If the E.U. does not hold North Macedonia accountable to make changes, it is unlikely other international actors will do so. This is because the E.U. has the most powerful mechanism for effectuating change — the prospect of European Union membership.
Stability in the Western Balkans could be at risk
Moreover, the decision to postpone negotiations has ramifications for overall accession of countries in the region. Stability across the Western Balkans is a core priority for the E.U. But postponing accession for North Macedonia (and Albania) signals that the E.U. puts Western Balkan enlargement at the bottom of its agenda priorities. This poses risks to the stability of the region, previously maintained by the promise of a European perspective. If the E.U. does not actually hold up its end of the bargain to allow candidates to progress in the accession process when progress is due, reforms in the Western Balkans are likely to stall.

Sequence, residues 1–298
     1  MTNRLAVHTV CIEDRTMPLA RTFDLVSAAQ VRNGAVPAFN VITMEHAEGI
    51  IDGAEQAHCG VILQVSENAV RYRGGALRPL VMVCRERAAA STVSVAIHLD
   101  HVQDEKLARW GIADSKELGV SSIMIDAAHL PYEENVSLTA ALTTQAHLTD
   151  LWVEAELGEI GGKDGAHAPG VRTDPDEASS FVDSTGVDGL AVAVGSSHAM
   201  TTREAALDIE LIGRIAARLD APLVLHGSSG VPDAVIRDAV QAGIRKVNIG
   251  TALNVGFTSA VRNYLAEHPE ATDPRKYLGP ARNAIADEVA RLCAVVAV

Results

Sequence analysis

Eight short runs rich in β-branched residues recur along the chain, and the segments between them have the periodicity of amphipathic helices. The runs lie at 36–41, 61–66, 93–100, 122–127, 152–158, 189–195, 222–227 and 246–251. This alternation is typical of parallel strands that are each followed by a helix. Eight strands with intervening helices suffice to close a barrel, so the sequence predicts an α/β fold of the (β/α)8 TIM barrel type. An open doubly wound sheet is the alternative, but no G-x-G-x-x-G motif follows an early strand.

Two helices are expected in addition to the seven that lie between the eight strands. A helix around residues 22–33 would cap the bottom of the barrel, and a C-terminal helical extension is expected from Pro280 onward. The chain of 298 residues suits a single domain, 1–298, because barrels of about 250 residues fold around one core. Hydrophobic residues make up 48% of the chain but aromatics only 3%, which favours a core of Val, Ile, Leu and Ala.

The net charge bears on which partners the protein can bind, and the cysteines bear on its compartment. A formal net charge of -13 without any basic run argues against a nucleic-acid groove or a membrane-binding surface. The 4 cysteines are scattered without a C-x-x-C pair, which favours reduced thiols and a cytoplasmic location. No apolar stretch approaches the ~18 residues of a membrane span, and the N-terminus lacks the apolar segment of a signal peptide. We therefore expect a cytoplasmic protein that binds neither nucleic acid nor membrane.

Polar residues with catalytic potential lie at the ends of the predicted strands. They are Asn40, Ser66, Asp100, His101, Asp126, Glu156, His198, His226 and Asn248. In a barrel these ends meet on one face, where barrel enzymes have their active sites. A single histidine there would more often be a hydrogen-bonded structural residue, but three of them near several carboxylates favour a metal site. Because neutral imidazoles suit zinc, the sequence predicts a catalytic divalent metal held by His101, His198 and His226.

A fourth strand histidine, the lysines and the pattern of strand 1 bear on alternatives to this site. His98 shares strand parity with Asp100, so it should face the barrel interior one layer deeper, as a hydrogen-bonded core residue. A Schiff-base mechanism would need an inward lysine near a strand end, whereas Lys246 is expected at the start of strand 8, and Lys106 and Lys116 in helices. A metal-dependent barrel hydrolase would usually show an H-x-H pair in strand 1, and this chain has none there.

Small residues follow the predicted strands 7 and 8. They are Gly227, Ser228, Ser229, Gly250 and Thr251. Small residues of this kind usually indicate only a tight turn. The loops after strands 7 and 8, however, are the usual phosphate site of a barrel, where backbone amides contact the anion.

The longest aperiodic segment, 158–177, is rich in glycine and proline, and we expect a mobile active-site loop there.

The Western Balkan countries continue to face various bilateral disputes. The prospects of joining the E.U. — access to E.U. funds, and freedom of movement of people, goods, capital and services — has been keeping the fragile stability of the region in place.
By delaying the Western Balkan enlargement, the E.U. undermines its own enlargement conditionality — the leverage it has to insist on reforms. An added concern, perhaps, is that the return or strengthening the power of semi-authoritarian leaders in the region may take these countries further away from the European Union — something that does not seem in the best interests of the E.U. or North Macedonia.
Liljana Cvetanoska is a lecturer in corruption, law and governance at the University of Sussex in the U.K.